The Lede
Murugesan and Chandralekha, a couple who defied caste for love
Murugesan and Chandralekha, a couple who defied caste for love

What Valentine’s Day Means To Tamil Nadu

Sudhakar Balasundaram

Sudhakar Balasundaram

Murugesan and Chandralekha, a couple who defied caste for love

In a society riven with caste animosity, February 14 means a true celebration of love beyond caste and religious barriers

They are full of shy giggles. Young couple Murugesan and Chandralekha are yet to get over their shyness at being newlyweds.

For them, love is everything. Especially when it has cost Chandralekha her family ties.

Both Chandralekha and Murugesan are residents of Annur, near Coimbatore. A chance meeting set the stage for a romance that blossomed quickly.

But Chandralekha’s parents were not happy with the choice of groom, when she told them about Murugesan. “My parents told me he is Kannada-speaking and we are Telugu-speaking so it is not possible to marry him,” said Chandralekha. Possibly the fact that Murugesan was born into a Dalit family, only made their animosity worse.

“Her parents called me aside and threatened me too,” said Murugesan. “But we did not bother about all that.”

Murugesan, holder of a BA (Tamil) degree from the Kovai Arts College works in a supermarket and was confident that he had found the love of his life. Chandralekha too made her decision and both got married.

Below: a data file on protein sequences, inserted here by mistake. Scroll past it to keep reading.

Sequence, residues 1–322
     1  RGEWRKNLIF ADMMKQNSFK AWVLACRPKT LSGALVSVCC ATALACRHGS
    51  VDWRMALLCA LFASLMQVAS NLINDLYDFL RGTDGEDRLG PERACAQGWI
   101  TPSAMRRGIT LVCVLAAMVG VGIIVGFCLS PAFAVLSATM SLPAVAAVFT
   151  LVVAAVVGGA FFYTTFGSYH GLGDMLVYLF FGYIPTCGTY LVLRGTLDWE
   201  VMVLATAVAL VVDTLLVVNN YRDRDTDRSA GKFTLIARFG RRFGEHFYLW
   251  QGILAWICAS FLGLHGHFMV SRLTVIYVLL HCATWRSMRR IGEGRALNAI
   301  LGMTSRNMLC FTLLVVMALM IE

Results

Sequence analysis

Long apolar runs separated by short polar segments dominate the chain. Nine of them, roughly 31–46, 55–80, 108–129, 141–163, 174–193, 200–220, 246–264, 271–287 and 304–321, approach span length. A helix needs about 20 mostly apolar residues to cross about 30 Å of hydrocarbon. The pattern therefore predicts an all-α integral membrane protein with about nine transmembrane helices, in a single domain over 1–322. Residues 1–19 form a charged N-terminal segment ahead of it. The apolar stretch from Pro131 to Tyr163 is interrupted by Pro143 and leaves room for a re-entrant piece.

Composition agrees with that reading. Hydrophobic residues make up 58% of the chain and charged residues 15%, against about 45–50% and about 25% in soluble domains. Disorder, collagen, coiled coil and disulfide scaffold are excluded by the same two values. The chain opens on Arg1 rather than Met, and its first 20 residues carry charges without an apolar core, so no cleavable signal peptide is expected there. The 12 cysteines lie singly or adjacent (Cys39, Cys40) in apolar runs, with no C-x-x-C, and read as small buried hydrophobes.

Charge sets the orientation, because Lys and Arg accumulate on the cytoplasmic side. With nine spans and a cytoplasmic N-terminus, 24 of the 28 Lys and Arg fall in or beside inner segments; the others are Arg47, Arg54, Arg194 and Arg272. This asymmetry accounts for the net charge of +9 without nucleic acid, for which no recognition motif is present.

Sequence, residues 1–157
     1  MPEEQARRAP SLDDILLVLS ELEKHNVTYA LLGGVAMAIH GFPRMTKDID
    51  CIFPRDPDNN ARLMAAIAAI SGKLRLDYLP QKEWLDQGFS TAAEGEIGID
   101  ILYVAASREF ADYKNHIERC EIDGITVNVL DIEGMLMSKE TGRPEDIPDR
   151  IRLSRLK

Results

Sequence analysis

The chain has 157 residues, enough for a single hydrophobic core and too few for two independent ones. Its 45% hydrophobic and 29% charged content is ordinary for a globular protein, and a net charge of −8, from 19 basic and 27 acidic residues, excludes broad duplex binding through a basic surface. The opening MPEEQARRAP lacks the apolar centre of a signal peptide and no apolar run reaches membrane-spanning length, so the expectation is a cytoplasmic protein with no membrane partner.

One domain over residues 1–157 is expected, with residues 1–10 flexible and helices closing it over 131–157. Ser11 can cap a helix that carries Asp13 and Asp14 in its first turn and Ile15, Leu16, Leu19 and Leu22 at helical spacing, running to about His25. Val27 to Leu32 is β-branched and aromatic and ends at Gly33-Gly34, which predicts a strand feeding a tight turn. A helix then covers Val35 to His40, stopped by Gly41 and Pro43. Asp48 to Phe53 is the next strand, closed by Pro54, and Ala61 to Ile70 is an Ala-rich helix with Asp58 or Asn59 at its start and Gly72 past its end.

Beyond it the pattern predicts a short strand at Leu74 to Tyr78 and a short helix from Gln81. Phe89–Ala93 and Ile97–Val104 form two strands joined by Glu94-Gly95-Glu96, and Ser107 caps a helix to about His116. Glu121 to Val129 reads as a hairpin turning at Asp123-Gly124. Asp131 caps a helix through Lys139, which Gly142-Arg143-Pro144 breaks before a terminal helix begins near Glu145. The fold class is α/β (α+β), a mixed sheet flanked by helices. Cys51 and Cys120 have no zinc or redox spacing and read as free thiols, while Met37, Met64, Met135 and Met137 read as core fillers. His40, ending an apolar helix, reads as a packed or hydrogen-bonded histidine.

Love though, especially inter-caste love, more often than not, comes with a price tag in Tamil Nadu. Chandralekha’s side of the family does not visit her anymore. “Sometimes I feel sad that I have lost my family, but I am happy with my husband,” she says.

When Love Leaps Over Faith

“We are both advocates and we studied in college together,” says Loganathan, grinning a fond moustachioed smiled at his wife, Taslima Nasreen.

Loganathan smiles when he recounts how he was very firm about marrying a girl chosen by his parents. He wanted to be the proper, dutiful son.

He did not think of Taslima in terms of love, he said. But they shared such a good relationship that they both decided to open an office together after they graduated as lawyers.

Taslima clearly loved Loganathan but did not tell him about her feelings. But when an alliance was fixed for Loganathan, she could keep silent no more.

“When she has kept such love for me in her heart for all these years without saying a word to me, I could understand how deep that love was. I decided that I should marry her and return that love three times more,” says Loganathan.

Parents from both sides had no issues with the wedding. Only Taslima’s elder brother was against the alliance but his parents managed to bring him around.

They got married in September 2014. “We have given each other the assurance that we will not interfere in each other’s faith. We each follow our own faith and we also gave our son a religion-neutral name – Thaayinban,” she smiles.

Love And Tamil Nadu

For all the romance in Kollywood films and the state’s obsession with falling in love, caste and its perils remain a strong deterrent to young couples.